Wednesday, March 30, 2011

Maximon, el Rey de Muerte and el Rey de Sol

I took the boat today across Lake Atitlan to the village of Santiago de Atitlan in search of the figure of Maximon, the cigar-chomping hard drinking wooden doll that is the subject of Nathaniel Tarn´s book A Scandal in the House of Birds. Maximon is a purely syncretist figure. He represents Judas, but he is also associated with the traditional Mayan Lords of Death. The Church made many efforts to eradicate him from Mayan worship, but obviously without success. In Tarn´s book the Mayans were rarely openly defiant about keeping Maximon. Rather, they would tell the Church not to worry, they were rid of him. Then Maximon would be leading the next parade.

The ride across Lago de Atitlan is stunning. There are enormous volcanoes stretching into the clouds all around, and little villages stuck to the side of the green hills that surround the lake. The vegetation is still mostly evergreen but mixed with some tropical plants like banana trees.

I thought Maximon would be hard to find, but he was not at all. I was trying to decide who to ask while I was busy shooing away the tuk-tuk drivers surrounding me trying to give me a ride. Then it occurred to me that one of the drivers might know. I was afraid I'd be taken for an expensive wild goose chase, but the driver I asked just gestured up the road. I wasn´t sure where he was pointing, but I started walking that way, and a man came and asked if I was looking for Maximon. His name was Alex, he was a cakchiquel man who looked about my age but was actually younger, as I found out later.

He walked me down a small street, then led me up a small alley. I already knew that Maximon moves around from house to house, so I followed him.

Maximon was up this alley.

Admittance was two quetzales. Maximon was in a dark room hung with colorful paper and illuminated only by candles. He is mostly a decorated mask with a cigar clothed in nothing but a bunch of silk ties. I wasn´t sure if I could get a picture, but Maximon is an entrepreneurial fellow, and you can take pictures of him for ten quetzales more. His hands hold trays where you put the money. In fact you´re supposed to also leave him cigarettes and liquor, but I wasn´t prepared that way.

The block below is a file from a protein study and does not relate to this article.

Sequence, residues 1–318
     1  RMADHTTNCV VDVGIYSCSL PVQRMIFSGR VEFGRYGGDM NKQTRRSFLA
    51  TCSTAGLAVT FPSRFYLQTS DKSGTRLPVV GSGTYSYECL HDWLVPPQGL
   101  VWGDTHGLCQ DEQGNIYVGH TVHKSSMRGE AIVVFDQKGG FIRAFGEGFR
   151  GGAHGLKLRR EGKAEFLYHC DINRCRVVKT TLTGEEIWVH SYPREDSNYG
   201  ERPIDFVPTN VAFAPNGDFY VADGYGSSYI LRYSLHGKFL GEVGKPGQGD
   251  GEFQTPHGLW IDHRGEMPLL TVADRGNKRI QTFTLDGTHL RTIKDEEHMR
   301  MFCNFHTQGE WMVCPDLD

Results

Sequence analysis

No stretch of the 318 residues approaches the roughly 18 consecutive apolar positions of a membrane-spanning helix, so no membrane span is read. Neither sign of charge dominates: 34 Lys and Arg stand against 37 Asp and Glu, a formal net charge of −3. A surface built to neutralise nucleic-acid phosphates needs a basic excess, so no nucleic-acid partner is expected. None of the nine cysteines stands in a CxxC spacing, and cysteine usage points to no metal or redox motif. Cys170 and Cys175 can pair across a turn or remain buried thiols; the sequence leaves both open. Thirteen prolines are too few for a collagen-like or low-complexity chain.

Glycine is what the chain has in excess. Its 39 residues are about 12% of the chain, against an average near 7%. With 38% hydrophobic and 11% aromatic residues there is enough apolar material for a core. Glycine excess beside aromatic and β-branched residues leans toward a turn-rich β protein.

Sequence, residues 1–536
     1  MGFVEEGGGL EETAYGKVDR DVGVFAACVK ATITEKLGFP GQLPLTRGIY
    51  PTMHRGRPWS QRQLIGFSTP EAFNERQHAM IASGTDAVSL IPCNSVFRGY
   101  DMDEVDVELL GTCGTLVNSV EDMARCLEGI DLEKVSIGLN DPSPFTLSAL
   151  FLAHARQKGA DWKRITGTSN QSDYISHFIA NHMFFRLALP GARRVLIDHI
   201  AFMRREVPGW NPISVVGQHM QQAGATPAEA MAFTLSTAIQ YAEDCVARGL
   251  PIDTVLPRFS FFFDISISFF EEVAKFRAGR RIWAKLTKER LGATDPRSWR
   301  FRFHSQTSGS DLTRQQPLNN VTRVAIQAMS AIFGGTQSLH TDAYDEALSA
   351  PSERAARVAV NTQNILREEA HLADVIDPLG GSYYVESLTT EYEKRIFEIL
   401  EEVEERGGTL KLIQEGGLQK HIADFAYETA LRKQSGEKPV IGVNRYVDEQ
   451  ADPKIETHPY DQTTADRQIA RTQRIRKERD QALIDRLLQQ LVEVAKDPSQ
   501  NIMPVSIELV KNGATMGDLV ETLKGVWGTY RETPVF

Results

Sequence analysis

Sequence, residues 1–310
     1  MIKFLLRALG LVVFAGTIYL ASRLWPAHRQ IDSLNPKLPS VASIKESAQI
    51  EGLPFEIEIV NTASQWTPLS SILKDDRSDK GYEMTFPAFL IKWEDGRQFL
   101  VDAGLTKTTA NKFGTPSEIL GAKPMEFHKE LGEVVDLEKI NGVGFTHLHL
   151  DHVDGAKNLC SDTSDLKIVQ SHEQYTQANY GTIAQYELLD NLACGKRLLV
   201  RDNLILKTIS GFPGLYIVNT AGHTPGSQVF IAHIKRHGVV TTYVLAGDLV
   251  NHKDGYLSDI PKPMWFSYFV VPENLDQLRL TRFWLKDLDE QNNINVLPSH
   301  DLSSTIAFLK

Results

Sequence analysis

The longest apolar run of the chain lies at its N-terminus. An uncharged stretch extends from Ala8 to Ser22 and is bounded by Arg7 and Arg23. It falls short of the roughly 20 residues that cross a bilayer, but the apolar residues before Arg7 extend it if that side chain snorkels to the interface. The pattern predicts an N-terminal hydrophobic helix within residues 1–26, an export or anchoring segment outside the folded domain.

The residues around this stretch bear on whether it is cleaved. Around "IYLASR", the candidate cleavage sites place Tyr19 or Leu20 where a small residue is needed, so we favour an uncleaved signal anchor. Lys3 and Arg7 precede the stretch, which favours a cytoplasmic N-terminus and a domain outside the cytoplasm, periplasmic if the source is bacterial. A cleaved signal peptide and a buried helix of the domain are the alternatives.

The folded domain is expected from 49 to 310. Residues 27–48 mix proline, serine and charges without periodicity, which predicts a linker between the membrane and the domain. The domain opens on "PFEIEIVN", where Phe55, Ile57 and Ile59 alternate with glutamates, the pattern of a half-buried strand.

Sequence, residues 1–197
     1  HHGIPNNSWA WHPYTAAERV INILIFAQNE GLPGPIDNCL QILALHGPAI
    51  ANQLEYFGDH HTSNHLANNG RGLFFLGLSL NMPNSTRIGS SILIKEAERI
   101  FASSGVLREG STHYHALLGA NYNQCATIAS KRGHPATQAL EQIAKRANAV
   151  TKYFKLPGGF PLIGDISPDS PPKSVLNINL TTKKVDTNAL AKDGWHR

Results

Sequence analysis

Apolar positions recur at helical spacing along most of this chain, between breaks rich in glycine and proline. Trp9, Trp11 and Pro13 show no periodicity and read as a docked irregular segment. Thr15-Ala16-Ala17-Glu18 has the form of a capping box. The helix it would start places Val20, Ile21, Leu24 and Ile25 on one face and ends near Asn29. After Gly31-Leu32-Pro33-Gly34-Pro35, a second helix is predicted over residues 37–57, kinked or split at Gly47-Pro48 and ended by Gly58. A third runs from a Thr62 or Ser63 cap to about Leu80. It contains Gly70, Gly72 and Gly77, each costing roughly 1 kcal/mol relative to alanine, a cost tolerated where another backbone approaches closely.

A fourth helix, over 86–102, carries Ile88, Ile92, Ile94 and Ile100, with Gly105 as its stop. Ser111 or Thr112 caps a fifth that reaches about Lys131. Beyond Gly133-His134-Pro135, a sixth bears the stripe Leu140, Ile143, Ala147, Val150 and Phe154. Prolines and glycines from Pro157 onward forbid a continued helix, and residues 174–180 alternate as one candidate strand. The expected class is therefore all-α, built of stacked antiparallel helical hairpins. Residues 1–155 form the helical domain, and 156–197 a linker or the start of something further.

Off to the right of Maximon is a casket that represents Jesus. To the left is a statue of Jesus carrying the cross. That is the only two figures that they went out of their way to show me. But there is another figure on the left.

Casket of Jesus

The statue on the left was recessed into the darkness. He had a metal mask and was dressed in a robe. There was a cigarette sticking between his toes. I asked who he was, and Alex said in a somewhat embarassed tone, ¨Ah, ese es El Rey de Muerte,¨ or the King of Death.

¨De Xibalba?¨ I asked, but no one answered.

El Rey de Muerte

Then Alex offered to give me a tour of the Church and the rest of the town for Q100. I agreed, because I was grateful to him for showing me Maximon and because he seemed to know his way around. I´m sure I could have haggled him down to Q50, but I am glad I didn´t, because of what I saw later.

The church, much like the one in San Mateo, is about 500 years old, and has a peaked roof instead of an arch in the Mayan style, but is much bigger. The walls are lined with statues of different saints. Alex insisted it was okay to take pictures in the church as well.

Some of the Milagros on the walls of the church

In the back of the church were several large triangular altars illustrated with statues of Jesus, Mary and more saints. In the lower-right hand corner was a seated figure with a brightly decorated face. Alex informed me that that was El Rey de Sol, the King of the Sun. On the side of the altar a man was climbing. Alex told me that he was going up to talk to the man at the top, El Rey de Ciel, or King of the Sky. I suppose if I´d pressed Alex he´d have told me El Rey de Ciel was the same as God, and maybe El Rey de Sol is as well. But the real answer probably isn´t so simple. Anyway, I didn´t press.

I wasn´t sure what else Alex would show me, but I was willing at this point to see whatever he had to show me. So he offered to take me to ¨El Parque de Paz,¨ or Peace Park.

What I saw at Parque de Paz was much deeper than anything I saw at El Maximon´s or the church. Enough that it needs another post.

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